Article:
The Price Israel Pays for Its Poor National-Security Decision Making

How the country's "kitchen cabinet" style negotiations lead to foreign-policy blunders
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Israel's Prime Minister Benjamin Netanyahu attends a weekly cabinet meeting in Jerusalem on February 17, 2013. (Ronen Zvulun/Reuters)

Imagine this: Israel strikes Iranian nuclear facilities, destroying some and damaging others. Iran fires missiles back at Israel and "activates" Hezbollah on the northern border. Hamas, deciding this is an opportune moment, starts shooting its own rockets into the southern and coastal areas of Israel.

This is an entirely plausible scenario. It's also one that Israel expects. What's less clear is whether Israel has thought through the rest of the implications of a strike on Iran: the impact on the economy; the length of time citizens will need to be mobilized for military service; the reaction of its friends, allies, and neutral states; and how it will coordinate a multi-tiered response on all these fronts.

When Israel engages in a specific security policy without having adequately thought through the aftereffects of its actions, there are ripple effects throughout the region and beyond.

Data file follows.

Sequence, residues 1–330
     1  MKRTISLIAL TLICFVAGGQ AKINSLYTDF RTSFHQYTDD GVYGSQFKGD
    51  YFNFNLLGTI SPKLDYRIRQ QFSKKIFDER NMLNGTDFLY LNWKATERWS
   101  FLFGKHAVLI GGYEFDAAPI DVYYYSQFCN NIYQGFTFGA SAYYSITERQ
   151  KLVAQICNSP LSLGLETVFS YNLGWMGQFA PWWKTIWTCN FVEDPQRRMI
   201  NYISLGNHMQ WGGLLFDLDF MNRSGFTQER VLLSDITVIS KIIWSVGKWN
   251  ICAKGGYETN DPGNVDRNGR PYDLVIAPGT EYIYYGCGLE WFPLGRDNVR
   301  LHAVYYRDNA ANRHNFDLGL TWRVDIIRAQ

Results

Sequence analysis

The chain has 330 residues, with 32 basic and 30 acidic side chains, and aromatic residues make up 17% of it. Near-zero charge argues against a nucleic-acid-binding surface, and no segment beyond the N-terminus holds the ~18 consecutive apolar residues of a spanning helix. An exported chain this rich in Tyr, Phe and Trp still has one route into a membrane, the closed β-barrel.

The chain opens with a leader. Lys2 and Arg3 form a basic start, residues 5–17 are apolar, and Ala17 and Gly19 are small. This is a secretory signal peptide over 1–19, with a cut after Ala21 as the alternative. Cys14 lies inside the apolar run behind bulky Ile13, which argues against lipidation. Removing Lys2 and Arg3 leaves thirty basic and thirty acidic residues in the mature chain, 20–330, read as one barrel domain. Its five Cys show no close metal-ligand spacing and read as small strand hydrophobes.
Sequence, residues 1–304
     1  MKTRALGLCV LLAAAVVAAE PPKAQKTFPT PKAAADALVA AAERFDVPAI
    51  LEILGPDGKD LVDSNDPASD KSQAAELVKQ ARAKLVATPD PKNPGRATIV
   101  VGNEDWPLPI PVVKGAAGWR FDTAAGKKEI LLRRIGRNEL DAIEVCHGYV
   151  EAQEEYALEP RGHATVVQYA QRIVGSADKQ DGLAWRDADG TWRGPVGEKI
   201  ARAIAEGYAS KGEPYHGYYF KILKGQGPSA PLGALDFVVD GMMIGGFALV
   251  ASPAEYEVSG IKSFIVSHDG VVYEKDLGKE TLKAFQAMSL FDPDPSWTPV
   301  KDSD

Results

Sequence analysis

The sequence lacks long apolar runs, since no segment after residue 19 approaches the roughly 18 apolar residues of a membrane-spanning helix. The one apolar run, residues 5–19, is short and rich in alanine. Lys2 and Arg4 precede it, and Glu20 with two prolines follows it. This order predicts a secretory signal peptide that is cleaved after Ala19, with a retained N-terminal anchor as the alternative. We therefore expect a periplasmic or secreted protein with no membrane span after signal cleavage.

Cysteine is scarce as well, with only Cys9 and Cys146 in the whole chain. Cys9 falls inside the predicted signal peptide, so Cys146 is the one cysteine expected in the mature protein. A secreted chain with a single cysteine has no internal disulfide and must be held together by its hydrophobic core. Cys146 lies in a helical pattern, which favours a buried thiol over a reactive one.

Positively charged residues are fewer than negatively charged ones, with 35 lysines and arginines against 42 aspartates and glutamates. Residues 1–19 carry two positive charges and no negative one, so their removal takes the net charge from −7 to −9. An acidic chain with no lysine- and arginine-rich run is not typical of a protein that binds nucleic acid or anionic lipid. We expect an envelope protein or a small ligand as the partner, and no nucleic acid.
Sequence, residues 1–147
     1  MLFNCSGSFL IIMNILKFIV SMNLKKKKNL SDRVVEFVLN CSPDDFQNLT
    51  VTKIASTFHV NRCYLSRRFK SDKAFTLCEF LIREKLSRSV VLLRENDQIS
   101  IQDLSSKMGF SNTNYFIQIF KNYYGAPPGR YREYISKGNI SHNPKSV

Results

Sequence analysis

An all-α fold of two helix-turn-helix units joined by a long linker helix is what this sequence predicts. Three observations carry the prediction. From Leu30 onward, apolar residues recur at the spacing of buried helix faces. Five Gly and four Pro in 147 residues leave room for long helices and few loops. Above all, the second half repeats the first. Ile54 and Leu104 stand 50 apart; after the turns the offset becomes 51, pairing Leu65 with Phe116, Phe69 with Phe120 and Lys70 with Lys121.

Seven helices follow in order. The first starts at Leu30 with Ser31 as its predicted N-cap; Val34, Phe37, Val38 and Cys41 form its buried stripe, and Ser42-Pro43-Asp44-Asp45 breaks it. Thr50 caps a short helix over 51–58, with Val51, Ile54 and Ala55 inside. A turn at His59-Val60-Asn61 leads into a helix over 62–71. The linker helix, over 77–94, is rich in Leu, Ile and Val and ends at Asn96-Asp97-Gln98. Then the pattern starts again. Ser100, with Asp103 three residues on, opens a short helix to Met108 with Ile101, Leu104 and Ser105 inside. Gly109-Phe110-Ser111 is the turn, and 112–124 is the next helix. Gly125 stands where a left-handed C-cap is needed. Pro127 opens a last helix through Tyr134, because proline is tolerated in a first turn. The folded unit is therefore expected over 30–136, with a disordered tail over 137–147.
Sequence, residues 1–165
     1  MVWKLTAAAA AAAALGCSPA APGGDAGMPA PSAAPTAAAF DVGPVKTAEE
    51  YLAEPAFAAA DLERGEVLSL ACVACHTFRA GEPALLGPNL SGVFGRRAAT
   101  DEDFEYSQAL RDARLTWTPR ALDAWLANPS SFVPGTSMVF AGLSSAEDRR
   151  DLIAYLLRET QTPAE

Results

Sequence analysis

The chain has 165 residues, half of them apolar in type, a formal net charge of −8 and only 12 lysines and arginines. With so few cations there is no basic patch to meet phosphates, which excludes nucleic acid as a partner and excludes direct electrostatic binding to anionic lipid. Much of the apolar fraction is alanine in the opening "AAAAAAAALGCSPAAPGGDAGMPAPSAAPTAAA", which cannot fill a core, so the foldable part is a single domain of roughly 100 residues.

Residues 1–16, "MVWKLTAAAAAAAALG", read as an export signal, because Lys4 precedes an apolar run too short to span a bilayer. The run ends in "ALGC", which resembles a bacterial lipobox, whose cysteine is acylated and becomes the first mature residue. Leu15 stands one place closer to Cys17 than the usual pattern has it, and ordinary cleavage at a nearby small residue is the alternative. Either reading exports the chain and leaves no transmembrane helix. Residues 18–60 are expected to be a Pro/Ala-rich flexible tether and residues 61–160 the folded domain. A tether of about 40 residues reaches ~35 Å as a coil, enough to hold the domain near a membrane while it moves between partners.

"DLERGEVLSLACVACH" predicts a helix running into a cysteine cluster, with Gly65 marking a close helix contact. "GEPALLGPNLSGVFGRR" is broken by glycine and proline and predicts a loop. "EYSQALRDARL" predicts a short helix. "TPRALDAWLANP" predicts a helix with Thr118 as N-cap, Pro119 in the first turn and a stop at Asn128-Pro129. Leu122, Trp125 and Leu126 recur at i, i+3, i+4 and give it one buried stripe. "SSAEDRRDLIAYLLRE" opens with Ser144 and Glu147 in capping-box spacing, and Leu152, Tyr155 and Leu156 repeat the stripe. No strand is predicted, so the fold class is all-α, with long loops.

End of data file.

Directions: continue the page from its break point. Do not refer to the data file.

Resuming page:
It's hard to have confidence in Israel's ability to plan for these non-military consequences simply because Jerusalem tends to avoid such planning. This is because of the lack of a strong, independent non-military decision-making body able to draw on the knowledge and expertise of all agencies of the government and coordinate a position that accounts for the various consequences that flow from Israeli military action. This, in turn, is due to the predominance of political conditions and the historical development of the country itself.

It's not just a problem for Israel. The country is positioned at the center of a strategically-important region undergoing a number of political and social crises. When Israel engages in a specific security policy without having adequately thought through the aftereffects of its actions, particularly given its reliance on force as a policy tool, there are ripple effects throughout the region and beyond. The country's difficulty in figuring out how to respond to the many crises around it -- the Iranian nuclear program, the Syrian civil war, growing Palestinian impatience with the occupation, and an increasingly-strong Hamas -- make this a more urgent issue.

The country's National Security Council (or, more properly, the National Security Staff), headed by a National Security Advisor (NSA), was created as a way to mitigate these pathologies. First established in 1999, it was given concrete form and legal standing with the 2008 National Security Law. A body composed of representatives of different ministries and agencies, the NSC is supposed to provide an array of options -- as opposed to specific recommendations -- regarding both the general security situations and specific developments as they crop up. It is, as Chuck Freilich has suggested , the best hope for making decision-making more structured, formal, and effective.